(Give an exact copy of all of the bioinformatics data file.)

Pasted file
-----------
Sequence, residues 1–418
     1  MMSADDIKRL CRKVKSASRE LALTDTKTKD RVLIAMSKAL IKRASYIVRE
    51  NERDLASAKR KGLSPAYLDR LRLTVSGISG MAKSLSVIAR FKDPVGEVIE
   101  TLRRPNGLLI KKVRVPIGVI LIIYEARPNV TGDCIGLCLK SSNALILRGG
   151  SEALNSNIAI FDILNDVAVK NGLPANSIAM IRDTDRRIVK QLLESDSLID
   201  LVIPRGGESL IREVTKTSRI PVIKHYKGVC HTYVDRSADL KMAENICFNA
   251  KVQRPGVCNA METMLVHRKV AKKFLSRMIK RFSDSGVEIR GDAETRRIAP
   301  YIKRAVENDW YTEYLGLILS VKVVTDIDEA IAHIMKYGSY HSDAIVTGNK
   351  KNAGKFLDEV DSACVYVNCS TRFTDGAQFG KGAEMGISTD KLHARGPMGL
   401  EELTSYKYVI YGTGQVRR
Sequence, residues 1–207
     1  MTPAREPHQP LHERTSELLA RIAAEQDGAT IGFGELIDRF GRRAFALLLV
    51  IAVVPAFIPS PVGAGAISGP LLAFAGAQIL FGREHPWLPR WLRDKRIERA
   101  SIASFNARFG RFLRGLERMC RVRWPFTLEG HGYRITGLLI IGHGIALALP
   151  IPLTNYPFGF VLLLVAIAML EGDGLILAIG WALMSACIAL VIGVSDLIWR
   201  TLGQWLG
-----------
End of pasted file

Sequence, residues 1–418
     1  MMSADDIKRL CRKVKSASRE LALTDTKTKD RVLIAMSKAL IKRASYIVRE
    51  NERDLASAKR KGLSPAYLDR LRLTVSGISG MAKSLSVIAR FKDPVGEVIE
   101  TLRRPNGLLI KKVRVPIGVI LIIYEARPNV TGDCIGLCLK SSNALILRGG
   151  SEALNSNIAI FDILNDVAVK NGLPANSIAM IRDTDRRIVK QLLESDSLID
   201  LVIPRGGESL IREVTKTSRI PVIKHYKGVC HTYVDRSADL KMAENICFNA
   251  KVQRPGVCNA METMLVHRKV AKKFLSRMIK RFSDSGVEIR GDAETRRIAP
   301  YIKRAVENDW YTEYLGLILS VKVVTDIDEA IAHIMKYGSY HSDAIVTGNK
   351  KNAGKFLDEV DSACVYVNCS TRFTDGAQFG KGAEMGISTD KLHARGPMGL
   401  EELTSYKYVI YGTGQVRR
Sequence, residues 1–207
     1  MTPAREPHQP LHERTSELLA RIAAEQDGAT IGFGELIDRF GRRAFALLLV
    51  IAVVPAFIPS PVGAGAISGP LLAFAGAQIL FGREHPWLPR WLRDKRIERA
   101  SIASFNARFG RFLRGLERMC RVRWPFTLEG HGYRITGLLI IGHGIALALP
   151  IPLTNYPFGF VLLLVAIAML EGDGLILAIG WALMSACIAL VIGVSDLIWR
   201  TLGQWLG